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Publication numberUS4521064 A
Publication typeGrant
Application numberUS 06/493,497
Publication dateJun 4, 1985
Filing dateMay 11, 1983
Priority dateMay 11, 1983
Fee statusPaid
Also published asCA1207859A1, DE3484027D1, EP0125971A2, EP0125971A3, EP0125971B1
Publication number06493497, 493497, US 4521064 A, US 4521064A, US-A-4521064, US4521064 A, US4521064A
InventorsAnthony W. Knapp, Dee A. Werth
Original AssigneeAllied Corporation
Export CitationBiBTeX, EndNote, RefMan
External Links: USPTO, USPTO Assignment, Espacenet
Electrical connector having a moisture seal
US 4521064 A
Abstract
A flat, annular-shaped, seal member (50) comprised of a closed-cell elastomeric foam material is bonded to a radial collar (46) of a tubular adapter (43) mounted to an end portion (24) of a plug shell (20) carrying a slidable sleeve (40) and fixed retainer housing (34) coaxially therearound, an annular air space (S) between end portion (24) and sleeve (40) being sealed against the entry of moisture by a forward face of the seal member (50) and an outer annular margin (D) of the seal member (50) being deformably compressed, respectively, against the retainer housing (34) and the interior wall (41) of sleeve (40).
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Claims(10)
We claim:
1. An electrical connector assembly having a moisture seal, the assembly comprising: a pair of mated electrical connector members with one of said connector members including a rearward end portion; and coupling means mounted on one of said connectors for releasably coupling the connector members together, said relesable coupling means including a spring retainer mounted to the one connector, a tubular sleeve having its interior wall circumposed about and mounted for longitudinal movement rearwardly of said spring retainer, and a spring disposed in said retainer for resisting rearward movement of said sleeve, said moisture seal sealing said coupling means against the entry of moisture, said moisture seal being characterized by:
an adaptor mounted to the rearward end portion of said one connector member, said adaptor including a radial collar defining a planar forward face spaced longitudinally rearward from said spring retainer and an outer circumferential face spaced radially inward from the interior wall of said sleeve to define an annular air space (S) therebetween; and
a one-piece, substantially flat and annular shaped seal member bonded to the forward face of said collar, said seal member being comprised of a spongy elastic foam and having a forward surface deformably compressed against the spring retainer and its outer periphery deformably compressed against the interior wall of said sleeve.
2. The connector assembly as recited in claim 1 wherein said annular-shaped seal member includes a central opening the inner periphery of which is interference fit around the adaptor.
3. The connector assembly as recited in claim 1 wherein said seal member is comprised of a closed-cell silicone elastomer having a durometer in the range between 10 and 25.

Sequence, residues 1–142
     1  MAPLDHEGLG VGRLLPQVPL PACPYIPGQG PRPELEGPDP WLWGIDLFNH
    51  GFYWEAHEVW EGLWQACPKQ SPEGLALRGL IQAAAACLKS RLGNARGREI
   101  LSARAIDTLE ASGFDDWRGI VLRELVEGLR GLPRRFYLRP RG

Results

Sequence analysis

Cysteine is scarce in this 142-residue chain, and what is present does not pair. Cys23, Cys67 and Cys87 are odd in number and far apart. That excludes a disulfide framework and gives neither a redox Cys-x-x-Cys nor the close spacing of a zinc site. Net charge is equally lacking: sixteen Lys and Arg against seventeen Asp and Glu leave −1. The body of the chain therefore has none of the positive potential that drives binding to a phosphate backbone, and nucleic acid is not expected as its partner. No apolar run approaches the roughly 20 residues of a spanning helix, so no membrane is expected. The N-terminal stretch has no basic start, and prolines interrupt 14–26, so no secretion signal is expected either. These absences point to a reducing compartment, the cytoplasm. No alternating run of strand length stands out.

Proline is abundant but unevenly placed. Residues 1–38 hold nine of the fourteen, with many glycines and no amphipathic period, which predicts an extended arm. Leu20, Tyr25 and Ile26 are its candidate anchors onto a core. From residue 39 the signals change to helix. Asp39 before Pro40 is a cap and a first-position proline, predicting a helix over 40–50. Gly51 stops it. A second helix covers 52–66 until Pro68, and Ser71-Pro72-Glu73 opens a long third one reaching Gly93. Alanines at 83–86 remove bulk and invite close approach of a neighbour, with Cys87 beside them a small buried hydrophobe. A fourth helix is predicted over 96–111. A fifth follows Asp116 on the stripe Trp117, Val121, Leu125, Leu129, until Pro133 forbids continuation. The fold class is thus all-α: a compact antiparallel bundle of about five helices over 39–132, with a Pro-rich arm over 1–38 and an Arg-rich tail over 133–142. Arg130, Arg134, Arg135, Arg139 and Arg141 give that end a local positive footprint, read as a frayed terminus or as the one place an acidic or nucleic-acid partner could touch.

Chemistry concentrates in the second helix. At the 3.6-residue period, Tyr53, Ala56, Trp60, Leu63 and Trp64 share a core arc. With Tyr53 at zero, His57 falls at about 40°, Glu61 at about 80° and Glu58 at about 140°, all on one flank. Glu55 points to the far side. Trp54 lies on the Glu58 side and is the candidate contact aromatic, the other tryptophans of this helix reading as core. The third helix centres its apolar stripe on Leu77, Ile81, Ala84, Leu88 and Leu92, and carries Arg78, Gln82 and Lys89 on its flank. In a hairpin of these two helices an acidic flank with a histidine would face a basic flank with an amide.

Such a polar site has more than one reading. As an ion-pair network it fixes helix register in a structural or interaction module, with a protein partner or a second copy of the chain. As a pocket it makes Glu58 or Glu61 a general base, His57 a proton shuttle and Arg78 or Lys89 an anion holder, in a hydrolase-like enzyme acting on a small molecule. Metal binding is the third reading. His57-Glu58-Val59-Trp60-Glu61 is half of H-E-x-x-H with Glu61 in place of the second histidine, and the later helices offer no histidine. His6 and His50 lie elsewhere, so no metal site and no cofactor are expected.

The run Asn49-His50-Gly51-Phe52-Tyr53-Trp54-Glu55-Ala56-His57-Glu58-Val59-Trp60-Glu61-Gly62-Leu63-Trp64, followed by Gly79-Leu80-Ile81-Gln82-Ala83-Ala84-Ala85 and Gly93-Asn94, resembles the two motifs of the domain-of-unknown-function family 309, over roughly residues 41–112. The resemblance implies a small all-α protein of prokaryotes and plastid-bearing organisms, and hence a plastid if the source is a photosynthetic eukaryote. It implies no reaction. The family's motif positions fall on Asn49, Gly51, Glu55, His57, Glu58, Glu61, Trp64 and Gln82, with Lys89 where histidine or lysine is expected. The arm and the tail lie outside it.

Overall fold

4. The connector assembly as recited in claim 1 wherein said seal member is comprised of a closed-cell silicone elastomer having a durometer of approximately 20.
5. The connector assembly as recited in claim 1 wherein said seal member has an extension (D) in its undeformed state that extends radially outward relative to the circumferential face by an amount greater than the dimension defining said annular air space (S), a ratio of said extension (D) to said annular air space (S) being approximately 21.0.
6. The connector assembly as recited in claim 1 wherein said seal member is comprised of a closed-seal foam elastomeric material such as polymethyl silane.
7. The connector assembly as recited in claim 1 wherein said seal member is cut from a closed-foam material such that air pockets on the outer circumferential face are exposed and provided with a silicone lubricant.
8. The connector assembly as recited in claim 1 wherein the density of the elastomer foam is chosen to be in the range of approximately 35%-55% of the density of a solid piece of the same material.
9. The connector assembly as recited in claim 8 wherein the density of the elastomer foam is approximately 45% of the density of a solid piece of the same material.
10. In a releasing connector for mating to a compatible connector and exposed to unwanted moisture entry, said releasing connector comprising a first shell including a rearward tubular extension having a transverse rear face and a collar extending radially outward therefrom, a tubular sleeve having its inner wall circumposing the outer circumference of said collar and mounted for longitudinal movement relative to said collar, means connected to said first shell for resisting rearward movement of said sleeve, and means for sealing against moisture entry between said collar and said tubular extension, said sealing means characterized by an annular, one-piece, planar seal member comprised of a spongy elastic foam being bonded to said collar so that a portion of a planar forward surface of the annular seal member is deformably compressed against the transverse rear face of said tubular extension and the outer periphery of said seal member is deformably compressed against the inner wall of said tubular sleeve.
Description

This invention relates to an electrical connector having a moisture seal.